Groton Woman Finds Poetic Way To Cope With MS - National Multiple Sclerosis Society

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The Connecticut Chapter strives to provide knowledge and assistance to help people with MS and their families maintain the highest possible quality of life. These goals are achieved through vital national and local programs.

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Groton Woman Finds Poetic Way To Cope With MS

December 16, 2013

A poet, Kathy Kozlicky has always had a way with words. However, on a cold winter day in 2008, she was rendered speechless when she learned she had multiple sclerosis, a potentially debilitating disease.

“Multiple sclerosis alters everything, every day,” said Kozlicky, 41. “Life after a diagnosis of MS is about learning to live in a body that does not always want to cooperate. I wake up every morning thinking if today is not a good day, there is still hope for a better tomorrow.”

Kozlicky was born and raised in Groton. For many years she worked as a leasing agent and as a florist designing arrangements. In 2008, she took a sabbatical to pursue her passion for writing poetry. She published her first book, Confessions: A Collection of Poetry, in May 2008. Just seven months later, in December, she received a diagnosis of multiple sclerosis.

“My vision suddenly became blurred,” said Kozlicky. “In the course of two weeks, I went from having perfect vision to becoming legally blind. My heart sunk when I found out I had MS; I knew nothing about the disease. The only question I could ask was, ‘Am I going to die?’”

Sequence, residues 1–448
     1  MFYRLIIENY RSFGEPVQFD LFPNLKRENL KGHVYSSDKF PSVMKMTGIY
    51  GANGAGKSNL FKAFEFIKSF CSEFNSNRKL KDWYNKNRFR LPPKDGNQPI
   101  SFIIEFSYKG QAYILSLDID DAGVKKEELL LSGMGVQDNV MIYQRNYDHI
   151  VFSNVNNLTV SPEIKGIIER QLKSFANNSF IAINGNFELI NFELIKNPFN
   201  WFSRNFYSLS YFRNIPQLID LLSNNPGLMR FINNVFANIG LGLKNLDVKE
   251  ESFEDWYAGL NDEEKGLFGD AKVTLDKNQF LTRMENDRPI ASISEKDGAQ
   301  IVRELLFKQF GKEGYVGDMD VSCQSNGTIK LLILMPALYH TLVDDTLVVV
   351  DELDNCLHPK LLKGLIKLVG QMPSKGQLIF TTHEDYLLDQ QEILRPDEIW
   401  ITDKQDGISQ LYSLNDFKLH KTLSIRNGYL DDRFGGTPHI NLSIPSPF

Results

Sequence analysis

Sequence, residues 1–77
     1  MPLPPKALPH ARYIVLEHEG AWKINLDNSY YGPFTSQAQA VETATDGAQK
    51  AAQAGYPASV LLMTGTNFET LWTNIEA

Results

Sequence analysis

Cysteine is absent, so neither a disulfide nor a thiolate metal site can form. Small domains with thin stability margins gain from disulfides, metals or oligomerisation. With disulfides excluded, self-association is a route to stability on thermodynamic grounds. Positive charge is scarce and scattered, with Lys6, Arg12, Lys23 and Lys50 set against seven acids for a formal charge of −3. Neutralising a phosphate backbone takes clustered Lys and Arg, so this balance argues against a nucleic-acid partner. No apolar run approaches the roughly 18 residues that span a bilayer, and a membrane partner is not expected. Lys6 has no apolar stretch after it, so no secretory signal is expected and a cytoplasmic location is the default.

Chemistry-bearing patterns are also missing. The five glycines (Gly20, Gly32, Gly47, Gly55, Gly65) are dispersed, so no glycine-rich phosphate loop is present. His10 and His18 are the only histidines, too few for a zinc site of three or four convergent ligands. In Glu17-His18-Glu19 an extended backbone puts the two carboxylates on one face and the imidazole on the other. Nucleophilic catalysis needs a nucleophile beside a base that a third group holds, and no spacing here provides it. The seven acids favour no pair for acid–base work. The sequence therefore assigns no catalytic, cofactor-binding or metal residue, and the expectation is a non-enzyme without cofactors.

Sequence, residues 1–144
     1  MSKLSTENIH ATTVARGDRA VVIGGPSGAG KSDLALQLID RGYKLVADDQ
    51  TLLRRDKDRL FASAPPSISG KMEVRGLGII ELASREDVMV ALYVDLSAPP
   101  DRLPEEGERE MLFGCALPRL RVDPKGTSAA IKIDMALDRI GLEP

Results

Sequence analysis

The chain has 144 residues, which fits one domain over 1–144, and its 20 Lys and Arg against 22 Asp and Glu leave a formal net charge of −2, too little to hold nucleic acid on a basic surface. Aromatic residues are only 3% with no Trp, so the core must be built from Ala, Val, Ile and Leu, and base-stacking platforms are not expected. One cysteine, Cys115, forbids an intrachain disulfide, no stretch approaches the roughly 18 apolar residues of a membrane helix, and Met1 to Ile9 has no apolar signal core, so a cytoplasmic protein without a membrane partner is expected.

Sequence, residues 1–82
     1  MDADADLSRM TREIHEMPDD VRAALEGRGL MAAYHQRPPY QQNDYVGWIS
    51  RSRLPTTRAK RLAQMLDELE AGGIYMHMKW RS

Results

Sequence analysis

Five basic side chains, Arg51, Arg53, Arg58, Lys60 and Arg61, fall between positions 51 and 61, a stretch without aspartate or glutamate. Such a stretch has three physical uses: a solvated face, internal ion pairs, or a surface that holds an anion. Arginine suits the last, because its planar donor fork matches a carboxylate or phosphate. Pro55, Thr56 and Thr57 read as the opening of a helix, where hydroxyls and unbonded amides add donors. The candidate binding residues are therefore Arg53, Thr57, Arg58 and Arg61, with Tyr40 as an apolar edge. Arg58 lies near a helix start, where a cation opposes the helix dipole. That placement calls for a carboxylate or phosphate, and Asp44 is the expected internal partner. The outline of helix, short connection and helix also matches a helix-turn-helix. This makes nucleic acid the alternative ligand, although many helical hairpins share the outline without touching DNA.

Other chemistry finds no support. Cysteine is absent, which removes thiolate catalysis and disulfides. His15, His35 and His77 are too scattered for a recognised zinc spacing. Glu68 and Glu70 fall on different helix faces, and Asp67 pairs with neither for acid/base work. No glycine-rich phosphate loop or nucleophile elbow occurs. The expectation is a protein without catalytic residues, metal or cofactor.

More than 6,000 Connecticut residents, like Kozlicky, live with multiple sclerosis, an autoimmune disease affecting the central nervous system. Symptoms can include, among other things, numbness and tingling in the extremities, difficulties with vision and speech, stiffness in the limbs, and in extreme cases, complete paralysis. There currently is no cure for multiple sclerosis.

Shocked and unaware of where this disease would take her, Kozlicky took the initiative to learn as much about MS as possible. She conducted research online and worked with her neurologist to learn about treatment options and different ways to manage her symptoms. 

Kozlicky found solace in putting pen to paper. She used poetry as an outlet while coming to terms with her diagnosis. Currently, she is working on her second book, which will feature a collection of poems depicting her battle with MS. Her hopes are for her words to help guide others through the dark and uncertain times that come when newly diagnosed.

Ironically, in the spring of 2013, a close friend of Kozlicky's was also diagnosed with multiple sclerosis. Since she has been living with MS, this is the first person close to her to also be diagnosed with the disease.

“When she told me she had MS, I knew exactly what she was going through,” said Kozlicky. “I felt as though I was reliving the day I received the news. I understood how shut off she felt and found empowerment in helping educate her about the disease and how she can prepare herself for the winding road ahead. That is when I knew it was time to get out there and join the fight against this chronic illness.”